In this case, the birth mother had a child with a man to whom she was not married and was not cohabiting. She is recognized as sole custodian of the child, who was born in 1995, but the father “has recognised paternity” and has maintained a relationship with the child, seeing him regularly and providing financial support. Since the child was five years old, he and his mother have been living together with his mother’s same-sex partner. In 2005, the three of them made an agreement for the partner to adopt the child without terminating the parental status and rights of his mother, but the father, whose parental status would be affected by this adoption, objected to the application they filed with the District Court. That court found that under the Austrian statutes this adoption could not be approved, because it would result in the child having two mothers. The court did not have to get to the question whether the father’s objections should be overruled. Through the Austrian appellate process to the Regional Court and the Constitutional Court, the Austrian courts all rejected the argument that this restriction violates the constitutional rights of the applicants, or their rights under the European Convention, to which Austria is a party.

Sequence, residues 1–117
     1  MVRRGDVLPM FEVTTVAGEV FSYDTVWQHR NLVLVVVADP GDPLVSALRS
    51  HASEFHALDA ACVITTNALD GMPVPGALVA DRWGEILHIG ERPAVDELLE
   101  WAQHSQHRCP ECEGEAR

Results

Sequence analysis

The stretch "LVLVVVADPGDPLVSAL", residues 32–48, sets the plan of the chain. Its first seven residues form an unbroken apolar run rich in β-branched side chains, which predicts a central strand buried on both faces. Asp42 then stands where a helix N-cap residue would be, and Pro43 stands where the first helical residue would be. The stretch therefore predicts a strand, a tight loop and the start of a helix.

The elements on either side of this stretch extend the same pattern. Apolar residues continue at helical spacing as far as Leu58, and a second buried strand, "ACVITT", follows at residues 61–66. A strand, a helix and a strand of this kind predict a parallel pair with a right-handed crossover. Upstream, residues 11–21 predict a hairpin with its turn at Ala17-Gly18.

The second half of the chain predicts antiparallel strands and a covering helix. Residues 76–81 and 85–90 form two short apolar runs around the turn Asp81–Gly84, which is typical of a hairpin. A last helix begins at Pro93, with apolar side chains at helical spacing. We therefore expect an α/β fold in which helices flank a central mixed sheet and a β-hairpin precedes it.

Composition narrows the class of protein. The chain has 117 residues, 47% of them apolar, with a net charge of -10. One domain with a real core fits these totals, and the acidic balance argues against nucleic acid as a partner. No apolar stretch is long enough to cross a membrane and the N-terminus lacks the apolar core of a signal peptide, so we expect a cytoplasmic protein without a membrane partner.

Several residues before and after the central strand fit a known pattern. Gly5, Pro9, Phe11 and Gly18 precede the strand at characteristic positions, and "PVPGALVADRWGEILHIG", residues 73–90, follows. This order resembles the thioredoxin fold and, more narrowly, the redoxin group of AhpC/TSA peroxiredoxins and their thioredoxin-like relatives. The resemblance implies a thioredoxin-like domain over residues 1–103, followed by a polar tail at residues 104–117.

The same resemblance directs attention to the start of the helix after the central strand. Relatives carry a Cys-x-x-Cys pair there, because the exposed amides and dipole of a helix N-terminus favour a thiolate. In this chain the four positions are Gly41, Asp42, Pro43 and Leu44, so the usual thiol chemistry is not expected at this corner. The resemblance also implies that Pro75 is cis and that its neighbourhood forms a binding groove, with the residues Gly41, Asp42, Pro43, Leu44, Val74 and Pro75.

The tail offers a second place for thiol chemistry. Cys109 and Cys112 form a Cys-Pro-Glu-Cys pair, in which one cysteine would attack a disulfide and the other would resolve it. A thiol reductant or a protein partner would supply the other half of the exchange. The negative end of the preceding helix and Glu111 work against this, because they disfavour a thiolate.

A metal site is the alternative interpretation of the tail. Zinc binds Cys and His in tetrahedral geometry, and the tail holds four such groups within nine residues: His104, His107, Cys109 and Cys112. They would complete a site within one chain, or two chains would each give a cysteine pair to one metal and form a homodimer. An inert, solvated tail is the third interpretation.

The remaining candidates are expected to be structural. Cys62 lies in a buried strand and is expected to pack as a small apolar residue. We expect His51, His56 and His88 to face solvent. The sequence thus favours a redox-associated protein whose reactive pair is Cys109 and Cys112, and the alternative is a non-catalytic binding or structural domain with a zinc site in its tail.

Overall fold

Before the European Court, the applicants asserted that they were not seeking to have equal rights with different-sex married couples, but rather were seeking to be treated equally with unmarried different-sex couples. This was a prudent move, since the European Court has found in recent litigation involving Austria that the equality requirements (Article 14) as applied to the right to respect for private life (Article 8) do not require parties to the Convention to allow same-sex couples to marry, although the Court may get there some day as a trend towards allowing same-sex marriage spreads among the countries bound by the Convention. (The possible addition of Britain and France this year could have an important effect in that regard.) Thus, court was unanimous in concluding that a comparison to the “second-parent” adoption rights of married couples (what in the U.S. we commonly call step-parent adoption) was not appropriate, because of the special legal status attached to marriage.